Is David Ford safe this time?

I don’t think we’ve had an open thread on South Antrim yet, but here’s a thought.  A lot of the talk in 2003 and 2007 in South Antrim was over David Ford’s safety, at both elections he was the most vulnerable Alliance sitting MLA.  Indeed a couple of weeks out from 2007 when asked I told him he would lose his seat (which be seemed to think was possible, but my other assertion that both the SDLP and SF would both take seats wasn’t.  I guess you win some you lose some.)  At this election that debate seems to have largely disappeared.

In 2007 a Unionist seat vanished due to poor balancing and poor transferring between Unionist candidates. Four quotas slipped to three seats with on paper McLaughlin picking up the benefit.  However what really happened was that Tommy Burns got pretty lucky.

At this election the UUP should really pick up a second seat, there is no excuse for them not doing so, and this will be in the top three UUP target constituencies.  The seat can only realistically come at the expense of Ford or Burns.  Assessing which seems at first easy.  Tommy Burns has a pretty decent profile in the constituency and is seen as a reasonable sort of bloke, but David Ford has been Alliance leader for going on a decade and spent the last year or so in the Executive.  He appears on the big ticket media events and as a result is probably the biggest name on the ballot.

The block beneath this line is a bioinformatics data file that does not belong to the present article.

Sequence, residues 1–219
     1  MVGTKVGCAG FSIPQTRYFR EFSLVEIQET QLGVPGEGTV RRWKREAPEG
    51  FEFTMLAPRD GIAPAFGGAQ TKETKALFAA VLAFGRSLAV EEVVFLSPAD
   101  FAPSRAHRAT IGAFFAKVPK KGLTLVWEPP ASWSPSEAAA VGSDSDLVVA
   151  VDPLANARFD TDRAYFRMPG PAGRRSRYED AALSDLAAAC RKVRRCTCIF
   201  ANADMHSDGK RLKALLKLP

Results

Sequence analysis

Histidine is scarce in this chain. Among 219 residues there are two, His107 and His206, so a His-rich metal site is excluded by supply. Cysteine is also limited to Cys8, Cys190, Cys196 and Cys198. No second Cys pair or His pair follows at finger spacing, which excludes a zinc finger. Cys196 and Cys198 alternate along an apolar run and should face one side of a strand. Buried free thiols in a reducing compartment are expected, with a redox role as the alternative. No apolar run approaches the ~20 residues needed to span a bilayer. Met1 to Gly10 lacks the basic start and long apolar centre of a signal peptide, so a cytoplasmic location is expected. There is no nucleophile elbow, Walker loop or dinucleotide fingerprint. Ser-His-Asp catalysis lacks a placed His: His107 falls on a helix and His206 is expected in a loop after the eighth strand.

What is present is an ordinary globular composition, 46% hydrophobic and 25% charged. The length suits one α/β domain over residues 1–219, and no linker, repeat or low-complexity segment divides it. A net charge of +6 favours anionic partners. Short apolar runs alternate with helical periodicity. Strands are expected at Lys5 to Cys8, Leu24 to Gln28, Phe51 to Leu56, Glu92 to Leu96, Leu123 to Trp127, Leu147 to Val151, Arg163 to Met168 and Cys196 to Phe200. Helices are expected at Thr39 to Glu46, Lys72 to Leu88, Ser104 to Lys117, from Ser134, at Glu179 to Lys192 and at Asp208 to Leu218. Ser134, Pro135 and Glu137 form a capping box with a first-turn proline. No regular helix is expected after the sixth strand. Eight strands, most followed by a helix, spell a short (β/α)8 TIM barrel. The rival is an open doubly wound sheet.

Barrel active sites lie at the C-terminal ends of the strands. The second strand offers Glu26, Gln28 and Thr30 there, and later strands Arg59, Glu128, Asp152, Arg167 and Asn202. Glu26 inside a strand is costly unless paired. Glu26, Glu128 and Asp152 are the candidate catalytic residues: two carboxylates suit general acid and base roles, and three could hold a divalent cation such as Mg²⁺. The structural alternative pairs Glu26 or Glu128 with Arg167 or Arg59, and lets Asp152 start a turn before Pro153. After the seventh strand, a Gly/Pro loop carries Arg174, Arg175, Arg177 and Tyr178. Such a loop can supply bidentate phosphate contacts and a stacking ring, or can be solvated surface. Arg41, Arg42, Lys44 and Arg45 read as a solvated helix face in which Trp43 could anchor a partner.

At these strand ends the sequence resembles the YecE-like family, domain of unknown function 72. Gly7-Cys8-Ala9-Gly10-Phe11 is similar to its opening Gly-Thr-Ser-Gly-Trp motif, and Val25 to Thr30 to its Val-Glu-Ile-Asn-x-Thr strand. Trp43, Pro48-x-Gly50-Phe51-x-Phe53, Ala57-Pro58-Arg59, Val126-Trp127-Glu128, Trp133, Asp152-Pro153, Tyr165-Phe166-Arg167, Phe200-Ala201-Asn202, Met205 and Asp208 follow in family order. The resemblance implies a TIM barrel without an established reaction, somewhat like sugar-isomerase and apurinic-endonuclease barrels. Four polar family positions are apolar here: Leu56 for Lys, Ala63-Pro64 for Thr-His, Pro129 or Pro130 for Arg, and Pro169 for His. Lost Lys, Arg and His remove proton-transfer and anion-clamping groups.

So what does he need to do to be safe? The short answer is add another 1% of vote share to his 2007 total and he is home on the first count.  That kind of rise is what he achieved between 1998 and 2003, and he added four times that figure between 2003 and 2007, so it should be a simple enough task.  But what if he doesn’t? The 2010 election saw Alliance vote share half since 2007 (though in no way a fair comparison) and drop slightly from 2005.  At the European Election there were enough votes in South Antrim for two nationalist quotas, and only about half an Alliance quota. Boundary changes also seem to indicate that the nationalist electorate will drop slightly from the lucky break in 2007.

So he should be fine.  If (and it is still an if) the UUP pick up a seat, it will probably be from the SDLP. But if they balance properly and Ford remains 500 votes short of a quota, he could just be the first sitting Minister to fail to be re-elected.

  • Mr Crumlin

    Comrade Stalin – APNI are, in my opinion a unionist party – perhaps a smallish U but unionist nonetheless – I think the defections of Brashaw, flash etc reinforces my view.

    ‘There are several republicans in the party’ – two swallows do not make a summer!

    However it is only my opinion.